Purisimeño

The Purisimeño language was traditionally spoken along the Pacific coast around what is today Lompoc. During the mission period, it was spoken at Mission La Purísima Concepción. Purisimeño is attested solely in some wordlists and miscellaneous materials. Based on archaeological evidence and the testimony of early observers, it has been estimated that speakers of all Chumashan languages together numbered between 10,700 and 17,250 in pre-contact times (King 1969). Today, there are no first-language speakers of any Chumashan language.

Map of the Chumashan languages
Map of the Chumashan languages (Robert F. Heizer, ed. 1978. California. (Handbook of North American Indians, Volume 8.) Washington: Smithsonian Institute.)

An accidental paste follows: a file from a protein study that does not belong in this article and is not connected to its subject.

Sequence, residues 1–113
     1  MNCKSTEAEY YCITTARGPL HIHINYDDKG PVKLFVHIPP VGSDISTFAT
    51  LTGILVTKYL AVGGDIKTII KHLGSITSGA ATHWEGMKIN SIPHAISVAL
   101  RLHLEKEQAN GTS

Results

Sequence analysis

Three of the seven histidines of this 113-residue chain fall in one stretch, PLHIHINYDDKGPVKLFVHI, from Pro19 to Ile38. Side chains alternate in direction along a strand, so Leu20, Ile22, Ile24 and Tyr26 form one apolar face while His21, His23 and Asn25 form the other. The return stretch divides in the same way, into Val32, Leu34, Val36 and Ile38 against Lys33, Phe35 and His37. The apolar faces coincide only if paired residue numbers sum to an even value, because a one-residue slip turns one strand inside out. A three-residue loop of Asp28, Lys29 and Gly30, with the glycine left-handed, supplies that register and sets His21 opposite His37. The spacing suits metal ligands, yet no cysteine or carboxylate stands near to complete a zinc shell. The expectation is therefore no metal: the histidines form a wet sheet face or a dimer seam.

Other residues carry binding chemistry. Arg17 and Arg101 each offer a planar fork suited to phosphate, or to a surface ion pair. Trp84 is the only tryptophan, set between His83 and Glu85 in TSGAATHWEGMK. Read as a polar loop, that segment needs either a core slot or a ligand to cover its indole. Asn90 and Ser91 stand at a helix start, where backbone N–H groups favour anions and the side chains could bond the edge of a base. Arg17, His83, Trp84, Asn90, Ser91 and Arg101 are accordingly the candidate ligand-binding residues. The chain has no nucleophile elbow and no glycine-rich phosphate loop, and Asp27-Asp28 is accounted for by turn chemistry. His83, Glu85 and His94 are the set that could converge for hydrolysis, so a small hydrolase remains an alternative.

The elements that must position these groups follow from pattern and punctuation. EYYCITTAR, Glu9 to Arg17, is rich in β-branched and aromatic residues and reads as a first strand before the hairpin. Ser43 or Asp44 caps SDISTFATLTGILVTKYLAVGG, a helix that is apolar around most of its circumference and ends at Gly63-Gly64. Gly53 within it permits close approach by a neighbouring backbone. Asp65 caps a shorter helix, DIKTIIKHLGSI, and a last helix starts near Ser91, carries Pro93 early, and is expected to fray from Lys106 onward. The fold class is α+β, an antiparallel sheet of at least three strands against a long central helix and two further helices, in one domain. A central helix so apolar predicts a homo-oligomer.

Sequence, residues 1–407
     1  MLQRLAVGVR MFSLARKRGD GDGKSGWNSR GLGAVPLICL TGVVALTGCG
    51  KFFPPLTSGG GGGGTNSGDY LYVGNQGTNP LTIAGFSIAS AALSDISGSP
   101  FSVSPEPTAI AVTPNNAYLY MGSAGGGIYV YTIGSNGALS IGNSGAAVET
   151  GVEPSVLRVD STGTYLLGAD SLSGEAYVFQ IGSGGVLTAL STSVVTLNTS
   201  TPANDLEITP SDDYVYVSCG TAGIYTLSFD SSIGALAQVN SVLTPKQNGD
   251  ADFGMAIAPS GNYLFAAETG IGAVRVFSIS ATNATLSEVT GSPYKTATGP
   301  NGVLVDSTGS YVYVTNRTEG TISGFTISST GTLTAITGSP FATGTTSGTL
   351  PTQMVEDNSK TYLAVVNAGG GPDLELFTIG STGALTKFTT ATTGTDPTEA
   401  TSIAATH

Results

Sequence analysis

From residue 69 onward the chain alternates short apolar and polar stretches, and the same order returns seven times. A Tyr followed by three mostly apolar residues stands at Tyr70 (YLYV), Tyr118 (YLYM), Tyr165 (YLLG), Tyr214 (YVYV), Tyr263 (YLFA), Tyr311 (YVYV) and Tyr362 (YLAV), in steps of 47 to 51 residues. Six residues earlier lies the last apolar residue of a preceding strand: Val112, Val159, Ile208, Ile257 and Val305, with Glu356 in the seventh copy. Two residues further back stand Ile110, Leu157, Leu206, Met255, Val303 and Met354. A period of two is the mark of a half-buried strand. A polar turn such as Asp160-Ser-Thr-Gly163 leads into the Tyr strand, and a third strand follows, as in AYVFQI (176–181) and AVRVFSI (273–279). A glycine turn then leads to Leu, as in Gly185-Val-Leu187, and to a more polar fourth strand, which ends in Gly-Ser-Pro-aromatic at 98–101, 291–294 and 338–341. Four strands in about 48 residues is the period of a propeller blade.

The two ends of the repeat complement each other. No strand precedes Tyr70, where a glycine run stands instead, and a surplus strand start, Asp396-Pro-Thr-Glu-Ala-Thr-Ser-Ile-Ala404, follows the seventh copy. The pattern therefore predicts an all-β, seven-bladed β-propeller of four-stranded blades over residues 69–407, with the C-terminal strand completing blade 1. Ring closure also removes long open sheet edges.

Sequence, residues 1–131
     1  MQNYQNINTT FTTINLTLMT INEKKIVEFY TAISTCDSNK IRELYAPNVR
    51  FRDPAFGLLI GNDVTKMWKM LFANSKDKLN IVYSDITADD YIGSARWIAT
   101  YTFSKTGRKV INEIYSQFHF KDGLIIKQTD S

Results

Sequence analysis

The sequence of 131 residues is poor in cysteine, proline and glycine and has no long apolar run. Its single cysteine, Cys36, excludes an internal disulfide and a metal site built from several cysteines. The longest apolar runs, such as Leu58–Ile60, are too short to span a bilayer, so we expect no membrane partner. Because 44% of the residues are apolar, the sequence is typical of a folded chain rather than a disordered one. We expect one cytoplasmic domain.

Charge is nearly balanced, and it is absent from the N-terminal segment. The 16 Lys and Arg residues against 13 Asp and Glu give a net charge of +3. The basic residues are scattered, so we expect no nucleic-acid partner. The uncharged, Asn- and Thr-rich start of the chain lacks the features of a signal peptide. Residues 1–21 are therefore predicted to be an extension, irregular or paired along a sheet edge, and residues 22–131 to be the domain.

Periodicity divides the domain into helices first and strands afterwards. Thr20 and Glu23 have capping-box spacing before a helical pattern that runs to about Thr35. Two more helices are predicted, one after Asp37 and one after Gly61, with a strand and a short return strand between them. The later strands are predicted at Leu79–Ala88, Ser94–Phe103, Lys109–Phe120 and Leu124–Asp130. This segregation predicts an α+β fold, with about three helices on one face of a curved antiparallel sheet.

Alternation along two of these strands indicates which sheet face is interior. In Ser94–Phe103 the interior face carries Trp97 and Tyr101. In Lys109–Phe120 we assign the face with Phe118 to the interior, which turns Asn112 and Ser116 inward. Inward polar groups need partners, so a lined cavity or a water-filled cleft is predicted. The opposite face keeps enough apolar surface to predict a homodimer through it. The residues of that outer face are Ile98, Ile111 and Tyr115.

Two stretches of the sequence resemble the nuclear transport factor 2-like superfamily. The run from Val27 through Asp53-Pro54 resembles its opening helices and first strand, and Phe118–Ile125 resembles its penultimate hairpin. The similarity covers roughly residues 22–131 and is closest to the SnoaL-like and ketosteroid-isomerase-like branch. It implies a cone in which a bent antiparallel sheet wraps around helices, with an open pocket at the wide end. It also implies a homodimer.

Purisimeño is a member of the Chumashan language family; the others are Barbareño, Ineseño, Interior Chumash, Island Chumash, Obispeño, and Ventureño.

Selected archival materials at Berkeley

Further reading

  • Heizer R. F., ed. 1952. California Indian linguistic records: The Mission Indian vocabularies of Alphonse Pinart. University of California Anthropological Records 15:1-84. [PDF]
  • Heizer, R.F., ed. 1955. California Indian linguistic records: The Mission Indian vocabularies of H. W. Henshaw. University of California Anthropological Records 15:85-202. [PDF]

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